With this cleared, I feel the need to spend two words on the big game fair that is the E3, taking place in Los Angeles in these very days.
I think some indie game blogs have chosen not to speak about it, like some form of silent acknowledgement of distance from the mainstream scene. I don’t share this line of thought: after all, they are games all the same, their players are driven by the same instincts to play, and most of all, a lot of the indie reality is interwined with the big industries, from the tools we use, to the digital delivery platforms, and so on.

On to the thoughts… First of all, as a Nintendo fanboy I greatly appreciated its conference, especially after thinking about it a little. They showed that they cared about the players by listening to the complaints that were raised at last year’s E3. I’m talking about the big deal of core games versus the small presence of casual games. While the last year’s situation didn’t bother me so much, I felt embarassed now and then by the sheer amount of shovelware that was presented by the infamous Cammie Dunaway, PR of Nintendo of America. She symbolized, for me, the failure of the Wii console as a gaming platform and the terrible perspective of a market dominated by waggle titles.

Thankfully, while still winking to the casual audience, Nintendo also showed a lot of remarkable titles for gamers. I’m only sad for Zelda, the motion controls are very cool, but the series already needed a reboot in gameplay, puzzles, dungeons structures, and story. I fear all of this will be left the same, compared to Twilight Princess and Ocarina of Time. Too bad.

What to say of the other two console holders. Both of them seem just late on the motion band wagon, with Sony clearly mimicking the Wiimote and Nunchuck setup with its Move peripheral, and Microsoft letting people down with the allegiances of its Kinect not really working at all (proved by some actor pretending to play Kinect games on stage).

What does this all have to do with us, poor indies? I bet in some years we are going to work on motion control or 3D titles in our comfy bedrooms or basements, so the conference offered us a glimpse into the future.
I don’t know if those technologies will be available for us soon. I hope they will eventually, so that indie development could have the same ‘horsepower’ in controls like the mainstream titles. What could a wiimote do in the prolific (and free from the main market) hands of an indie dev studio?
Truth to be told, this year we already saw something unexpected even 10 months ago happening: every major engine developer released its free version, with Crytek to follow soon. This is absolutely outstanding and a HUGE opportunity for people looking to create 3D titles on par with the AAA ones (not in scope, but in quality). Who knows when an indie console (I’m not talking about the Wiz for now) will be available for all to create their games on, together with all the cool features (controllers, connectivity, …) these things sport.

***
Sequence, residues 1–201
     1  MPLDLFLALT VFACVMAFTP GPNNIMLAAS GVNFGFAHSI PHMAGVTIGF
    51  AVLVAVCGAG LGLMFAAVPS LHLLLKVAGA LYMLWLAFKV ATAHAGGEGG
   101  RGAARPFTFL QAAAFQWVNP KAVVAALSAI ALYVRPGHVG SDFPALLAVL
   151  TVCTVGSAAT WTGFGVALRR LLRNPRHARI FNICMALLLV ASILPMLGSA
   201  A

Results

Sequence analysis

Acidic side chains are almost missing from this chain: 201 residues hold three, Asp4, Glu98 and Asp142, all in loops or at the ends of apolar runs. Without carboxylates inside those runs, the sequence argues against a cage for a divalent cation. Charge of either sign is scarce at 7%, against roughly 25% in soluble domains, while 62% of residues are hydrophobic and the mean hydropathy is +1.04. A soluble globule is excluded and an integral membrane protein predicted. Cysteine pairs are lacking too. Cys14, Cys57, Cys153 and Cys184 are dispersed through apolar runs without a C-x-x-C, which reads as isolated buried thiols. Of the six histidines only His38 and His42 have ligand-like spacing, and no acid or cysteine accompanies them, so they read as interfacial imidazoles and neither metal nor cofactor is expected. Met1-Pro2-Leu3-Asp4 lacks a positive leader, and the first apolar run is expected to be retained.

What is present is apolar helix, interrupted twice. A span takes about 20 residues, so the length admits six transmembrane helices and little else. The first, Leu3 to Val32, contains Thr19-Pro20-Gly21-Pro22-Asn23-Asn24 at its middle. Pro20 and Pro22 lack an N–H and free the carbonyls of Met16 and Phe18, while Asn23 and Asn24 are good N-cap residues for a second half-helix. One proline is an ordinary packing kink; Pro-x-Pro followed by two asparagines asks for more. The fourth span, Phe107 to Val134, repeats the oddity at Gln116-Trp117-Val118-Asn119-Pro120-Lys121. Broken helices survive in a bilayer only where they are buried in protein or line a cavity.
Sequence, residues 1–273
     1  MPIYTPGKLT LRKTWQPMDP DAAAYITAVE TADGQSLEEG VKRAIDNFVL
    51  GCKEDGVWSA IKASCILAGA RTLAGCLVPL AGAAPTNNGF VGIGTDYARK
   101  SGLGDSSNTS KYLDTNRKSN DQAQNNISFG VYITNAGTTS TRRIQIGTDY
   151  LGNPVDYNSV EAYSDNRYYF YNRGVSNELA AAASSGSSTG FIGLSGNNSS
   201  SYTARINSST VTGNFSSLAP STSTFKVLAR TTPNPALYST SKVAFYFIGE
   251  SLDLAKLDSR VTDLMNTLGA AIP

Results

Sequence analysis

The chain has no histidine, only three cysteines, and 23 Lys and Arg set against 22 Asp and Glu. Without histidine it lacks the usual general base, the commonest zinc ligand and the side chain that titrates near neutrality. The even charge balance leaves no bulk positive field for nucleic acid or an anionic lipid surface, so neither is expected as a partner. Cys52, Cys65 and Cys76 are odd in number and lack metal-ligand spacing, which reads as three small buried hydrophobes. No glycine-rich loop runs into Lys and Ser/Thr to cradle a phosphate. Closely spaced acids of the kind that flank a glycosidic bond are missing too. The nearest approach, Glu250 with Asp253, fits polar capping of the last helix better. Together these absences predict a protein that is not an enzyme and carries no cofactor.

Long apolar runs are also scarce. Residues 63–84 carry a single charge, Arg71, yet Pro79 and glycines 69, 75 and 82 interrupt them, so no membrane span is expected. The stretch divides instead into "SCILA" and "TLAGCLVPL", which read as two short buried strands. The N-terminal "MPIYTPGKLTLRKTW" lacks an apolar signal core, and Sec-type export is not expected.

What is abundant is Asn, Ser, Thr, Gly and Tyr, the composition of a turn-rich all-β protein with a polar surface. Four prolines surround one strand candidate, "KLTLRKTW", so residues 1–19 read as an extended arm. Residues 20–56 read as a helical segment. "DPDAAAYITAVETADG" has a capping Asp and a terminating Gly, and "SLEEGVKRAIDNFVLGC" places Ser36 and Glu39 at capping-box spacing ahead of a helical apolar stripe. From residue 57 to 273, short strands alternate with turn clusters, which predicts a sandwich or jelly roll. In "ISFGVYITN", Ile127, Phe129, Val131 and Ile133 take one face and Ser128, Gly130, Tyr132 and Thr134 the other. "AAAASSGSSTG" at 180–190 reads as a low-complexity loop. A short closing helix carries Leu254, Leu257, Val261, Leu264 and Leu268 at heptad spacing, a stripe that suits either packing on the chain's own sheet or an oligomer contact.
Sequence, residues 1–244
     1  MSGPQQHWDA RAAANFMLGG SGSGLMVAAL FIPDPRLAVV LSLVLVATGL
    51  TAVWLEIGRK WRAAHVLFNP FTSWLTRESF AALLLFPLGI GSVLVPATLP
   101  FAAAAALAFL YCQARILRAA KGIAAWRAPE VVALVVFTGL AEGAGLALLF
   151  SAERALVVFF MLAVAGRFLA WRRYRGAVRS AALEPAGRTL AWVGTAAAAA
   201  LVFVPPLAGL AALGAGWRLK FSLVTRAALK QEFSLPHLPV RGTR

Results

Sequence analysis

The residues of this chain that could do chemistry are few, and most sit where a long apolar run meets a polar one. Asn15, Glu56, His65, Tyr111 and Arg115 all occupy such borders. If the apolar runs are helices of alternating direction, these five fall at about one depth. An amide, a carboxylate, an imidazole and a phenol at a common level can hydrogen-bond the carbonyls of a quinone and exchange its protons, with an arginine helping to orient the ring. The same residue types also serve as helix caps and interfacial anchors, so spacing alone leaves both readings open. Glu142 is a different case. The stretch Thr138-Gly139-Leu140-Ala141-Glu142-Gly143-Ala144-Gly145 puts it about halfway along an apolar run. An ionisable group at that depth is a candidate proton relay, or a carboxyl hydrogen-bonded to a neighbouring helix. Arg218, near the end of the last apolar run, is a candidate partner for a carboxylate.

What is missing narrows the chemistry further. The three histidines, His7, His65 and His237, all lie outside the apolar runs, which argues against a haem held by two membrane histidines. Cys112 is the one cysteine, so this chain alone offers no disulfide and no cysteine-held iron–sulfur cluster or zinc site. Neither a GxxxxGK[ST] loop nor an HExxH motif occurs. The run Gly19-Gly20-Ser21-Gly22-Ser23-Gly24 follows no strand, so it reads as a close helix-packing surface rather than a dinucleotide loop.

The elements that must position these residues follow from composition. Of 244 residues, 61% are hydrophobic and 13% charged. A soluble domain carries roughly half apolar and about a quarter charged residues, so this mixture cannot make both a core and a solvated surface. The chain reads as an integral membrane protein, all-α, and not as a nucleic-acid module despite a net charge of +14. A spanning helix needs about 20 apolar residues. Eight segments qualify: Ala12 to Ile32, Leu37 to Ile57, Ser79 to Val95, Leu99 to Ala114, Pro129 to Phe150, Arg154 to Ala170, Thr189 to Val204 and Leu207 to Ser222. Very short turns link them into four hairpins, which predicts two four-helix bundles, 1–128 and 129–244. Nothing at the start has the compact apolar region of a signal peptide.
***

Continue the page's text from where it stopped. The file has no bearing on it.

UFHO in BIT.TRIP Runner!

I found it! It took me a lot of time because it’s very hidden and more concealed than the other pixel art, but at last… it’s actually everywhere!

Check it out, in the lower left corner of the screen (the purple pink jelly, on the wall in the underground).

(Click for higher res)

By the way, this game is totally awesome. I was not convinced at first, I thought it was something like a Canabalt clone. (we are doing a ‘runner’ game ourselves…) IT.IS.NOT. It’s a wonderfully constructed game, with an appealing soundtrack. It’s actually the most melodic of all the BIT.TRIP games, and for me, the best of the lot.
I hope the quality of its two sequels will be as high as this one, or I’ll be disappointed!! [insert emoticon shaking its fist]

UFHO in BIT.TRIP Runner?

Some time ago, the cool guys at Gaijin Games proposed to the readers of their blog to create some pixel art to include in their latest game, BIT.TRIP Runner. I managed to sneak in a piece at the last second (last hour actually), and being without inspiration, I drew some UFHO characters in pixel art style.

That night Alex Neuse of Gaijin replied to me telling the characters were very cool, but I never figured out if they decided to include them or not.
It turns out that they did! They revealed the art that made into the game, and a Jeevil has sneaked in as a graffiti in the urban level of Runner!

Here’s the full image that I sent to Gaijin Games with all the other discarded characters, 1x size. It’s a shame for the Tremodillo (the yellow one)..

(Click for a larger size image)

Memory management in Flash

Ah, the joy of the first tech post in this blog! Don’t worry, it will be a quick one, and easy too. This post speaks about memory management, some issues that I had in UFHO with memory and persistency of objects, and the conclusions.

In every programming language, there’s an entity called garbage collector which handles memory and frees it from unused variables. Now, everyone knows that, in Flash, there’s no manual garbage collection. That is, you can’t say to the player “Hey Flash Player, I’m done with this object, release it from memory”… no way! Everything is automated, which is cool at the beginning.
What the player does is to check periodically for objects that have no references, and remove them from memory. What is a reference? It can be a couple of things. Let’s see:

private function getGlobalPosition(_clip:DisplayObject):Point
  var theGlobalPoint:Point = new Point(_clip.x, _clip.y);
  return _clip.localToGlobal(theGlobalPoint);

The point of this simple function is to get the global coordinates of an object passed as a parameter.